The simple songs and intelligent planning added to the overall impact of Anita Ratnam’s tribute to Tagore.
Dancer-choreographer Anita Ratnam’s self-styled Neo-Bharatam is a combination of the spoken word, music and dance, in that order. It speaks of a mature artist who banks on her strengths - theatrics and script delivery -- while creating new works. An earlier production, ‘A Million Sitas,’ was a thought-provoking re-look at women from the Ramayana; the latest ‘Avani- A Handful of Dust,’ is a non-narrative mosaic of thoughts triggered by the works of Rabindranath Tagore.
How do you encapsulate Tagore’s creative career that lasted more than 60 years in a one-hour tribute to mark his 150th birth anniversary? The answer is you don’t. ‘Avani..’ wisely drew on the poet’s dramatic English translations and soulful Bengali songs, using them as unconnected dots to present stylishly mounted tableaux that came together quite simply and seamlessly.
One saw it in an intimate setting at the Alliance Francaise, which is perhaps the best way to watch it, but the design of the production reflected the same intent, which was to create an informal conversation between the collaborators (Anita, actor-scholar Akhila Ramnarayan and actor-singer Averee Chaurey) about Tagore.
As the conversation meandered from the people who were inspired by Tagore (including Kalki Krishnamurthy) to his openness to folk, classical and global music, and from there on to anecdotes about his childhood, homeschooling and penchant for Nature, Tagore, the literary genius, came alive in an up-close and personal way.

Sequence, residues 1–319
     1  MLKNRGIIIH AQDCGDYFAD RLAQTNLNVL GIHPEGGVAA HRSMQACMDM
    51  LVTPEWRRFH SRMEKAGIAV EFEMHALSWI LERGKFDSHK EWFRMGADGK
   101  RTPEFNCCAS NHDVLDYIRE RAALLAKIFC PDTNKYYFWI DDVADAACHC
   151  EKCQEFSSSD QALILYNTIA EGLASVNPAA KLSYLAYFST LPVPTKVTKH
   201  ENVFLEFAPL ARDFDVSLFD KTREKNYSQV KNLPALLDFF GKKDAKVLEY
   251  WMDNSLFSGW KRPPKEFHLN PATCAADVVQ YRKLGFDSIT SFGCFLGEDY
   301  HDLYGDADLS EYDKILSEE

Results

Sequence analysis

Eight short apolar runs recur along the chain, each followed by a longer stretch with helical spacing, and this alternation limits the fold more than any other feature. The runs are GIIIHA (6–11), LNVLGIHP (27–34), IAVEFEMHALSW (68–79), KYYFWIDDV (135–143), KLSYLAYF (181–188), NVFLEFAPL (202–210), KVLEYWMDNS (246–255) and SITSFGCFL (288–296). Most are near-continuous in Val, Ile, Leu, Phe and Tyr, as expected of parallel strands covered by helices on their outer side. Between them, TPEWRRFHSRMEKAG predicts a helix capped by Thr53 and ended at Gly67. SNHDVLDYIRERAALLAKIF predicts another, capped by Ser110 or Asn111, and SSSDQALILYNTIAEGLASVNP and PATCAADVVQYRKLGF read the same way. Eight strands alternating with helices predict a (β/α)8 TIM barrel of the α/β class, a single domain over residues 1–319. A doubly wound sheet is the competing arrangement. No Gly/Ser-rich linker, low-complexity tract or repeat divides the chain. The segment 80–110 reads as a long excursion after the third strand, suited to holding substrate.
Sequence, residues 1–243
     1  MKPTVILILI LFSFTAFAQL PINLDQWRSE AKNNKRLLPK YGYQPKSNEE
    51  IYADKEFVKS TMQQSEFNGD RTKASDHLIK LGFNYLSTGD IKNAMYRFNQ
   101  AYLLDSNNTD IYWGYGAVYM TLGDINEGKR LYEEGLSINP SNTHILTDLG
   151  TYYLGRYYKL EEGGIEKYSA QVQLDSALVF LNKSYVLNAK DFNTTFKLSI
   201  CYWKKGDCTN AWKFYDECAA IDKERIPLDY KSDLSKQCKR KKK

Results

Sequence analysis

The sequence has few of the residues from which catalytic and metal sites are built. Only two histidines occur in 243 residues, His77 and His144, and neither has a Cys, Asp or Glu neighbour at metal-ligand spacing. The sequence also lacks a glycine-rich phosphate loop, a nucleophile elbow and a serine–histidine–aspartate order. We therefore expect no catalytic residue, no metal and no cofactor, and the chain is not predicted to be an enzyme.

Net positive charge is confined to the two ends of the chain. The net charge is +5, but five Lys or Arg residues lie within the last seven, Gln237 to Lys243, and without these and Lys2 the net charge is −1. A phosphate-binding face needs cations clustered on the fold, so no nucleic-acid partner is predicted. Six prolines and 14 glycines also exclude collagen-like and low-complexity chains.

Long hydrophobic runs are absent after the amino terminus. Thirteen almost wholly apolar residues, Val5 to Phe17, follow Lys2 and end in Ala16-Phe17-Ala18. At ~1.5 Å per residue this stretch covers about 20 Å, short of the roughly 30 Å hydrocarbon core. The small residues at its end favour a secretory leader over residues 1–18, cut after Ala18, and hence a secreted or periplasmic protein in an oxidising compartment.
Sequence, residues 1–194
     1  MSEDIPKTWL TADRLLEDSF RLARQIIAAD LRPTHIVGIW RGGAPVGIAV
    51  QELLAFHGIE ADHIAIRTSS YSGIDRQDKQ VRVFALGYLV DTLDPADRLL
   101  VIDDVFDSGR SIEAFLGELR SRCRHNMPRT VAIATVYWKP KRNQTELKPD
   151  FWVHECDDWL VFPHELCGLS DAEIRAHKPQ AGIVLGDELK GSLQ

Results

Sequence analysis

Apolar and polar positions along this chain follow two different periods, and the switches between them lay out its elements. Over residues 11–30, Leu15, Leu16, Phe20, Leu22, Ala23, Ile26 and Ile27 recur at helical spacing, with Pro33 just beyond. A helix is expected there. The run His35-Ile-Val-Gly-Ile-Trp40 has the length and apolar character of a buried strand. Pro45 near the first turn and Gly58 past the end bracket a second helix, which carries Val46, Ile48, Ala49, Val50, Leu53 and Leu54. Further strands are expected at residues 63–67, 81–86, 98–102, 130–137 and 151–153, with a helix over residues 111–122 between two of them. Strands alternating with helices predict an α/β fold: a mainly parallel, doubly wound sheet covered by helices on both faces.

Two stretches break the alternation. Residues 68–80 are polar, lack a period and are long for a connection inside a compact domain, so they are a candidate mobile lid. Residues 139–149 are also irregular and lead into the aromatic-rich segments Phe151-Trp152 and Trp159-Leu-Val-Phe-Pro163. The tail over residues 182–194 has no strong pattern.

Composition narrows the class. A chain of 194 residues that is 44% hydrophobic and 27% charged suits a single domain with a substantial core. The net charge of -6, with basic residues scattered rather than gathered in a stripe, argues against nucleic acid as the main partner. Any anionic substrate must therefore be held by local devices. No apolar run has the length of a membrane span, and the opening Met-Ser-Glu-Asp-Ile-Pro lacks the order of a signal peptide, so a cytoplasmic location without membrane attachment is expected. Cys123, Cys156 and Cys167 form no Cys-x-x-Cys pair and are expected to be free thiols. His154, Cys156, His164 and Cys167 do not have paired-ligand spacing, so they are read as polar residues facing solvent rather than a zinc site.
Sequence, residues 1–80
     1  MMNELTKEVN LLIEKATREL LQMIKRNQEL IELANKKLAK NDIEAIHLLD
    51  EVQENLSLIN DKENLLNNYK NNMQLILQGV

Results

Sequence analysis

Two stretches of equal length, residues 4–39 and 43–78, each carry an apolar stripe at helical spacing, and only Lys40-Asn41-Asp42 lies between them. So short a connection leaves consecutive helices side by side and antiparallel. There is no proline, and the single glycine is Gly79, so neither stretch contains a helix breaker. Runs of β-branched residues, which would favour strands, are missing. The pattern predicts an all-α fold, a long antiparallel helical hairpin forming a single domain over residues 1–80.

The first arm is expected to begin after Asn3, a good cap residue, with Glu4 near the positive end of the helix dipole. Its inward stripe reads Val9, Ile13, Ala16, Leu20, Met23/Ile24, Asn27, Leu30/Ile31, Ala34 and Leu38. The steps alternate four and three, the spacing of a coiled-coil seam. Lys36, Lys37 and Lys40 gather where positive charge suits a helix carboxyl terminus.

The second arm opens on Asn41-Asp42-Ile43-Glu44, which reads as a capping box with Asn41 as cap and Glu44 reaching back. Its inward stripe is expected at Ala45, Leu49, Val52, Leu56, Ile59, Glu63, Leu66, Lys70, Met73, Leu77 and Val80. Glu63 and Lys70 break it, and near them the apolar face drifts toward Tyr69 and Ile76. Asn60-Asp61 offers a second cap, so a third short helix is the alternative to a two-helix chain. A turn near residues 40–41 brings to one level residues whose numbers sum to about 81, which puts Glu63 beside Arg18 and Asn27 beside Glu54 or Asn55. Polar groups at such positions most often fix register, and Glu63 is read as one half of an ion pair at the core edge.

Akhila’s energy and timing must be mentioned here, as she kept the flow taut, while Averee’s deep involvement in the subject gave her the aura of a visiting professor.
The setting (Rex) was also intimate -- a backyard with clotheslines, a tree in shadow and suggestive words projected on a blank screen, with the actors in the forefront. Together with the sophisticated amber spotlighting, the feel was commonplace and classy at the same time.
The colour scheme was true to the ‘Bengali’ traditions of white, black and red, from the costume (Paromita Bannerjee) to the clothes hanging on the clothesline.
But it was finally the beauty and melody of the simple songs that swung the pendulum.
Young musician Vedant Bharadwaj who had joined the cast for the Chennai performances, presented a beautiful Baul-inspired Tagore composition, ‘Bhenge Mor Ghorer Chabi’ at the beginning of the show. The plaintive, ‘Megher Pore Megh Jamechhe’ (Miyan ki Malhar), the popular, ‘Amare Tumi’ and the song of spring, ‘Basanti He Bhubhanamohini’ that was based on Dikshitar’s immortal ‘Meenakshi Memudam Dehi’ (Gamakakriya), were treats wrapped with minimal accompaniments. Vedant’s rendition of ‘Ud Jayega Hans Akela’ (Kabir) was quietly reflective.
The musicians (Vedant, Navin Iyer, Krishna Kishore, Pubali Debnath and Bindu Malini) maintained the sanctity of the compositions by not crowding the sound tracks and letting flow gentle strumming or evocative melodies on the flute.
Anita’s dance movements per se were unremarkable, but they were not designed to be more than fillers between sequences or counterpoints to the music and the dramatic words. Coincidentally, her movements resembled Rabindra Nritya.
It was in the last segment, the Ode to Earth, in which the Earth was seen as both the nurturer and the destroyer, that the movements made an impact. Anita, standing as an epitome of evil with hair in disarray, went beyond a ‘pretty’ finish to convey the strife of today’s world.
It was intelligent planning (Hari Krishnan) that finally made ‘Avani-A Handful of Dust’ a success.